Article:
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Kurdish party says self-rule inevitable
Wednesday 02 February 2005
 
Barzani heads one of two main Kurdish groups

Kurdish self-rule is inevitable if not imminent, according to Kurdistan Democratic Party chief Masud Barzani.

Commenting on an almost unanimous vote for independence in an unofficial referendum held on 30 January, Masud Barzani said on Wednesday that "when the right time comes it will become a reality".

"Self-determination is the natural right of our people, and they have the right to express their desires," he added.

Barzani heads one of the two main Kurdish groups which control Iraq's northern Kurdish zone.

The KDP leader was speaking three days after more than 1.9 million Iraqi Kurds — some 95% of those asked — voted for independence in an informal survey conducted by volunteers.

Iraqi Kurds have long pushed for independence, but Turkey, Iran and Syria — all with substantial Kurdish minorities — oppose the establishment of Kurdish state on their borders.

Volunteers

The referendum was held on the day of Iraq's historic elections on Sunday.  Its organisers surveyed Kurds as they emerged from polling stations across northern Iraq.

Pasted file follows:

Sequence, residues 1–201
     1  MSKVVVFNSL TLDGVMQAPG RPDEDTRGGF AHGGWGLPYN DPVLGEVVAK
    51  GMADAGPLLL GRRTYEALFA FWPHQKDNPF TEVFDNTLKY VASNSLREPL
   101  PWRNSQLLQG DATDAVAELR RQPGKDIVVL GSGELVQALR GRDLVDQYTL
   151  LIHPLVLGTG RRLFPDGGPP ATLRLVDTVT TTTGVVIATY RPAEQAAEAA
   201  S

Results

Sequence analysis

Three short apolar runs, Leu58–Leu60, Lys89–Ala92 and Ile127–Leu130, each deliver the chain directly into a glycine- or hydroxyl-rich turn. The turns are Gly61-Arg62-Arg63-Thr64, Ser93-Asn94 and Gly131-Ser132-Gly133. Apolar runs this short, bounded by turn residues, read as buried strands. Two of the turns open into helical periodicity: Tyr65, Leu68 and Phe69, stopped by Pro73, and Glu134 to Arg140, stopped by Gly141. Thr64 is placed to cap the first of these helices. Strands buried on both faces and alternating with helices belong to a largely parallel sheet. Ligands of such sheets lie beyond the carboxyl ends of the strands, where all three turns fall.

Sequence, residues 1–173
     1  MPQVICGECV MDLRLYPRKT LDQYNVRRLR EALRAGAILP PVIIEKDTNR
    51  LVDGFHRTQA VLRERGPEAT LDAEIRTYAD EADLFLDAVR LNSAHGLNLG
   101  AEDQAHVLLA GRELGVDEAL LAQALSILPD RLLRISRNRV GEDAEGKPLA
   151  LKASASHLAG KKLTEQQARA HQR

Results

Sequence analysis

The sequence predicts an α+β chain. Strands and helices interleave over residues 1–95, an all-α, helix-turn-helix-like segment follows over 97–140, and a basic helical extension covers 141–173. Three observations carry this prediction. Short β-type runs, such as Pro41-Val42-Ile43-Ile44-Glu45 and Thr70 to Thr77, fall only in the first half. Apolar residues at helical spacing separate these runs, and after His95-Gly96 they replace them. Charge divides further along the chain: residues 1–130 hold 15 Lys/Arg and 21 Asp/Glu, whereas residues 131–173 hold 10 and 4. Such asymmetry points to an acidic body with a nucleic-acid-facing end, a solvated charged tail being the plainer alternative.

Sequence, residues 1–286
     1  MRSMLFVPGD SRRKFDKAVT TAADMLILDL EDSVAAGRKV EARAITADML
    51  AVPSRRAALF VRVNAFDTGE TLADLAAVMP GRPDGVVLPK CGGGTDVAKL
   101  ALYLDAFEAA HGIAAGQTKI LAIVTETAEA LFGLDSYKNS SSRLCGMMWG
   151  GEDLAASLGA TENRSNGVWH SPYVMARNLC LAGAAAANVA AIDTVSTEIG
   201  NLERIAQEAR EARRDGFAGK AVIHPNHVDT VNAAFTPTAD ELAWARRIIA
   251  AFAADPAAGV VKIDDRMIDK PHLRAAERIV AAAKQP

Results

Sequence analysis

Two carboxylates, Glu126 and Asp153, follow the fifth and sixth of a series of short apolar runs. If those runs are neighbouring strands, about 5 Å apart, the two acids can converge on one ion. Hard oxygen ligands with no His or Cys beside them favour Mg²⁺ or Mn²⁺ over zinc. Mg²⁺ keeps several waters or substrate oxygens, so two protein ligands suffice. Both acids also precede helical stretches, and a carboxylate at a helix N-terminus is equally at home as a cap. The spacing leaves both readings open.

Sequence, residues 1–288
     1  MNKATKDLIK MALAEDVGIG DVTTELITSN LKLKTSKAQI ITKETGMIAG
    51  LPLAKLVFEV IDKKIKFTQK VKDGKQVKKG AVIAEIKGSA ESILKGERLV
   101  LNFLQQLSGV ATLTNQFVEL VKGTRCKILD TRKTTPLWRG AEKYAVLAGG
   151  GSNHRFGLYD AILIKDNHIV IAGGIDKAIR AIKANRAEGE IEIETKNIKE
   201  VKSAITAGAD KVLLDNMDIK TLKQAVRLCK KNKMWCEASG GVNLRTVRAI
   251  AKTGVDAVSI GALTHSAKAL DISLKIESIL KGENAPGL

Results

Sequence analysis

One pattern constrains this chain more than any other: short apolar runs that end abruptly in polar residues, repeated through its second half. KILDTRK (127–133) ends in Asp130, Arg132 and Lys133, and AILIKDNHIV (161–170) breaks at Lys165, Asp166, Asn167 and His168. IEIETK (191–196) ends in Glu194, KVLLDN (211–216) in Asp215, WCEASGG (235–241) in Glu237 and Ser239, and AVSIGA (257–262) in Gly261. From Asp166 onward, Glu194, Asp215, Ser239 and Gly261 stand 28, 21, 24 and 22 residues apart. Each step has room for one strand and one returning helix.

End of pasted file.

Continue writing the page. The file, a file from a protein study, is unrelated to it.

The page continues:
Kurds make up around 15% of Iraq's population of 27 million


The volunteers handed out postcard-sized cards with two boxes printed on them next to two flags — one Kurdish and one Iraqi.  The question 'What do you want?' was written at the top of the card and those polled were asked to tick one box.

By Wednesday, more than 2.1 million Kurdish votes had been counted, according to organisers who are still awaiting results from the ethnically mixed city of Kirkuk.

Witnesses said some children filled them in and there was often no restriction on people taking more than one form.

Unofficial

Although the survey was unofficial and not monitored by any independent body, many Kurds said its results were proof of a groundswell of support for the eventual creation of an independent Kurdish state.

"We want to make sure that the Kurdish people do not suffer any more, and to show that Kurdish people have the will and ability to live in freedom," said Shamal Hawizy, a senior member of the Kurdistan Referendum Movement.